As well as offering excellent security and privacy, it also unblocks your favourite streaming services (and other websites) and there's friendly tech support available round the clock.
It isn't cheap, though, costing over twice what many rivals charge per month.
Read our full ExpressVPN review
Ivacy - Cheapest over 5 years
- Excellent value
- Unblocks popular streaming services
- Fewer servers than rivals
- Apps lack a few features
Ivacy may not have as many servers as some VPN services, but it does tick a lot of boxes. It's P2P friendly and unblocks a lot of popular streaming services.
Plus, at the time of writing, it was offering 2TB of encrypted cloud storage with its two-year plan that costs $2.45 per month (around £1.80).
It offers a good range of apps and some of these have a decent set of features including a kill switch. There are a few niggles such as no automatic connection when your phone or laptop connects to an untrusted Wi-Fi network, nor any way to save favourite servers - or see how busy a particular server is.
If you want the lowest monthly price around, this five-year deal is excellent value at $1.33 per month - under £1. Plus, Tech Advisor readers can use the coupon code IVACY20 to get a further 20% off!
Read our full Ivacy review
- Free version
- 10 connections
- Customisable double-hop servers
- Relatively expensive
- No independent audit since 2015
Hide.me lets you try its service before you buy with a completely free version, but while it now unblocks Netflix and other streaming services, it is still more expensive than certain rivals even with its best offers that bring it down to £4.99 / $5.41 per month.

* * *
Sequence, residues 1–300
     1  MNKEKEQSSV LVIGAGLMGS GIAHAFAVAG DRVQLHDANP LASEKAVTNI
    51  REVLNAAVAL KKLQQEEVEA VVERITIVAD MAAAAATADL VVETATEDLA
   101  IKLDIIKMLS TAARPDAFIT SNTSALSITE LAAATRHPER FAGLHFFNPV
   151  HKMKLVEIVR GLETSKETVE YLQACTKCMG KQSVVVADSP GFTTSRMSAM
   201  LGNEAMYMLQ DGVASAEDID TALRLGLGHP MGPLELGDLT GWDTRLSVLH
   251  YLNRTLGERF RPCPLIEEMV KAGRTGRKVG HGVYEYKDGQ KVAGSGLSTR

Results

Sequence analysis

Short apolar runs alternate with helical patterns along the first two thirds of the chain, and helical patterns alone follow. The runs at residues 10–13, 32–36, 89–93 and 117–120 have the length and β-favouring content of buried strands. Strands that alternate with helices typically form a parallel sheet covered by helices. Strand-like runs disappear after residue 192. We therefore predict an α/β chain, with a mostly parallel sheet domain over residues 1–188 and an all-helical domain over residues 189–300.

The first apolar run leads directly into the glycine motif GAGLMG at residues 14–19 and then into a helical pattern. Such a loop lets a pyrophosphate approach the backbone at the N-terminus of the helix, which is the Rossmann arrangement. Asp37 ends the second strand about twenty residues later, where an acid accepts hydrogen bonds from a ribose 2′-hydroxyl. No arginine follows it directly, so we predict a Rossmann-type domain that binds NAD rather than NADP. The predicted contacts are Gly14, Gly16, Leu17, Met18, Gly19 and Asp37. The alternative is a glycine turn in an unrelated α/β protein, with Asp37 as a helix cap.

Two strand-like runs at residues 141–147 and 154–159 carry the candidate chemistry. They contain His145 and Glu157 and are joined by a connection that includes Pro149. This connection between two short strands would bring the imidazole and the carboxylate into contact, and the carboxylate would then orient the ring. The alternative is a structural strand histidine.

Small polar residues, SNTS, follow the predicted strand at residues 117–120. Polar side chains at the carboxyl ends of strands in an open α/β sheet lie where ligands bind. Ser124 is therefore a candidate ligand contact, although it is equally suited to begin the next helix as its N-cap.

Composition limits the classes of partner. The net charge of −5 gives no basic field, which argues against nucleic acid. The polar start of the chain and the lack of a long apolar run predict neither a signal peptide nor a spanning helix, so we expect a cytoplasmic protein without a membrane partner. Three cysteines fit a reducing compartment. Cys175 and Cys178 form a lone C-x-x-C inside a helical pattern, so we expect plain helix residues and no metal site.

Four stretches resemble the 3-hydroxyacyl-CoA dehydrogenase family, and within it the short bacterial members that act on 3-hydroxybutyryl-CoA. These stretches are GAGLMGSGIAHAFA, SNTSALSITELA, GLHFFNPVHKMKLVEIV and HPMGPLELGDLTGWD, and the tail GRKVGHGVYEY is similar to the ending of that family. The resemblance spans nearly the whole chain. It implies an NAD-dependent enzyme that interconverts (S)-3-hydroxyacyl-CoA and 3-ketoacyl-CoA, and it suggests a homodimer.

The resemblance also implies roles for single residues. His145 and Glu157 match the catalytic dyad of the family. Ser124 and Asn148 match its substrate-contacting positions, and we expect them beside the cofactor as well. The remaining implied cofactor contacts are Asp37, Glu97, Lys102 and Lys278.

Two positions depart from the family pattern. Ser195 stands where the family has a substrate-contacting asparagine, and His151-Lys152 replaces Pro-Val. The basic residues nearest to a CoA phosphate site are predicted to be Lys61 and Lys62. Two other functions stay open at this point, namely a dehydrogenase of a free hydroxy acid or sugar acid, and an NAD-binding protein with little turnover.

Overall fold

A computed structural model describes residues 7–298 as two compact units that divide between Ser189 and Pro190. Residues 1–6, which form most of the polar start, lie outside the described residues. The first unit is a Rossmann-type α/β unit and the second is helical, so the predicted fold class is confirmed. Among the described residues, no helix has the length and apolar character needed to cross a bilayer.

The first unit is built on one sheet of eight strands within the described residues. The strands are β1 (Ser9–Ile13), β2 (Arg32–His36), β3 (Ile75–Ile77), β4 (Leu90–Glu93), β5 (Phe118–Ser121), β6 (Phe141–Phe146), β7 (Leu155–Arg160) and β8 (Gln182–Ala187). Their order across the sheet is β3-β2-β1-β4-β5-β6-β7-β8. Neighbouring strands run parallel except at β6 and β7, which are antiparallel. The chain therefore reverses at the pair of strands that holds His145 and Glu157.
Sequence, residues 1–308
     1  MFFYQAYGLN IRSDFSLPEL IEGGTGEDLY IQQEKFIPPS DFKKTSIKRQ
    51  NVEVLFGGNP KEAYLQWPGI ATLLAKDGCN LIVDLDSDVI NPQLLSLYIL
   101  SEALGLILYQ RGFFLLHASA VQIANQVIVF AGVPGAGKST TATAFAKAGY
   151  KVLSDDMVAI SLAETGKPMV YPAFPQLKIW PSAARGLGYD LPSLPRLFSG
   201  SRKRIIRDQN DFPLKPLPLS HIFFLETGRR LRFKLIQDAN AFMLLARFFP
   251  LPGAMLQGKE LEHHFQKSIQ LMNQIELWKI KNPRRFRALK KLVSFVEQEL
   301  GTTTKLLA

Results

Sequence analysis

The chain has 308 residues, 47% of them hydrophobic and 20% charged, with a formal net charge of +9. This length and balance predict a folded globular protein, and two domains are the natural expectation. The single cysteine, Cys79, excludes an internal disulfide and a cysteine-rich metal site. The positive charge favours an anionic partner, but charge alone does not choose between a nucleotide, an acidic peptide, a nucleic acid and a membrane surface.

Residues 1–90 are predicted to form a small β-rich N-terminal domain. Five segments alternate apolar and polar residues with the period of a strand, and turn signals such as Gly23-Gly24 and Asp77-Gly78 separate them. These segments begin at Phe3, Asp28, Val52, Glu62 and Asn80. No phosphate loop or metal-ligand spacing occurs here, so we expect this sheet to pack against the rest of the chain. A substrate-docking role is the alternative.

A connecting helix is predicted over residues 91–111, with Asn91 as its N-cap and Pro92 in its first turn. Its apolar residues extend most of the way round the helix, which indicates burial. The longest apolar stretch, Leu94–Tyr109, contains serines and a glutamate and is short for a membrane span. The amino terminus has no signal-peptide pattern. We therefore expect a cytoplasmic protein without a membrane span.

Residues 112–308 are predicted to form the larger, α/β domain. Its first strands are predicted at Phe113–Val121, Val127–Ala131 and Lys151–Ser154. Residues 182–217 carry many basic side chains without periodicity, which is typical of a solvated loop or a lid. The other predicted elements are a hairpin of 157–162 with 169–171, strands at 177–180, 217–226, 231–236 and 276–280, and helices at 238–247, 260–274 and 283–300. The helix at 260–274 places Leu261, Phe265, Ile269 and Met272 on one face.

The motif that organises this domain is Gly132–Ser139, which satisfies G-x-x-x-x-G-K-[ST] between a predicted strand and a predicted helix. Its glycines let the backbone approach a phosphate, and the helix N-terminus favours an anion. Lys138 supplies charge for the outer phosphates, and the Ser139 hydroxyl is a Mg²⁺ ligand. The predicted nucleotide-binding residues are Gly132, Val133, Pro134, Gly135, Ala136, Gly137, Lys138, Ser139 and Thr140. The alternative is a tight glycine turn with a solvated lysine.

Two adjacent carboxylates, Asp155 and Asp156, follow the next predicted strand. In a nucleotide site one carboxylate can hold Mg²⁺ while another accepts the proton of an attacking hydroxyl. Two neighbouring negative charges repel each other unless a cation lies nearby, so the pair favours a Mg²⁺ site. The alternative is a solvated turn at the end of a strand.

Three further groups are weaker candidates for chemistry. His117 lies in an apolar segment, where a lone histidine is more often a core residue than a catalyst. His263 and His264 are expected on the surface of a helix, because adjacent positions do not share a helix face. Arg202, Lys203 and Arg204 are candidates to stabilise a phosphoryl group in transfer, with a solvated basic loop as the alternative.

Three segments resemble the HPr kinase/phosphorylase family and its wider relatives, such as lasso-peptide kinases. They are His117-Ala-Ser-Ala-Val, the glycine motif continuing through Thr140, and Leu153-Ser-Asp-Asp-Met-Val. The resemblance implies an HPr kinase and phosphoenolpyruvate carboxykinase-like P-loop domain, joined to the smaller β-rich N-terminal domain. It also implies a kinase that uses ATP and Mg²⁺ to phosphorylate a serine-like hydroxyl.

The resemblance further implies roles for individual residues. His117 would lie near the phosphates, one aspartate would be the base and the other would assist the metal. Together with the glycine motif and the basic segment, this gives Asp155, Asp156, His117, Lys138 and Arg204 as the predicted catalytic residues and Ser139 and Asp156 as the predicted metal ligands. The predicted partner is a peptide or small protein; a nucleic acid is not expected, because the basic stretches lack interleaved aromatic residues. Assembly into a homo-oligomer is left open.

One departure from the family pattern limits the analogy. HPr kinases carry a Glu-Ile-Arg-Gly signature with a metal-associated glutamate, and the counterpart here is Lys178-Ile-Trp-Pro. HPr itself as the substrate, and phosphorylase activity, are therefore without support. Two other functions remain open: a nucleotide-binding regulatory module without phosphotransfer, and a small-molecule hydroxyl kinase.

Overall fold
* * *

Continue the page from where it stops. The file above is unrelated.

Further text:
It has recently rolled out support for WireGuard, and doubled the number of simultaneous devices to 10.
Read our full hide.me VPN review
- Audited no-logs policy
- Good unblocking
- Servers in 140 countries
- Not as cheap as it used to be
- No WireGuard protocol
A decent choice for streaming, thanks to a huge choice of countries and - when we last checked - actually able to unblock Netflix, iPlayer and other services with zero hassle.
PureVPN's Hong Kong HQ is no longer as privacy friendly as it once was, but the company's no-logs policy has just been snap audited (an unscheduled audit that the company couldn't prepare for) and has, again, been certified by KPMG as a true no-log VPN.
A few drawbacks include the lack of WireGuard and, though the redesigned apps are much more streamlined, they've lost some of the features they had before.
Lastly, prices have risen and it's no longer one of the cheapest options. It's still very affordable, don't get us wrong, but when rivals offer what PureVPN doesn't and charge less, recommending it is tougher.
Right now there's a three-year plan available with 70% off and you'll find it on PureVPN's website.
Read our full PureVPN review
- Owned & managed hardware
- Unblocks Netflix & iPlayer
- Best for privacy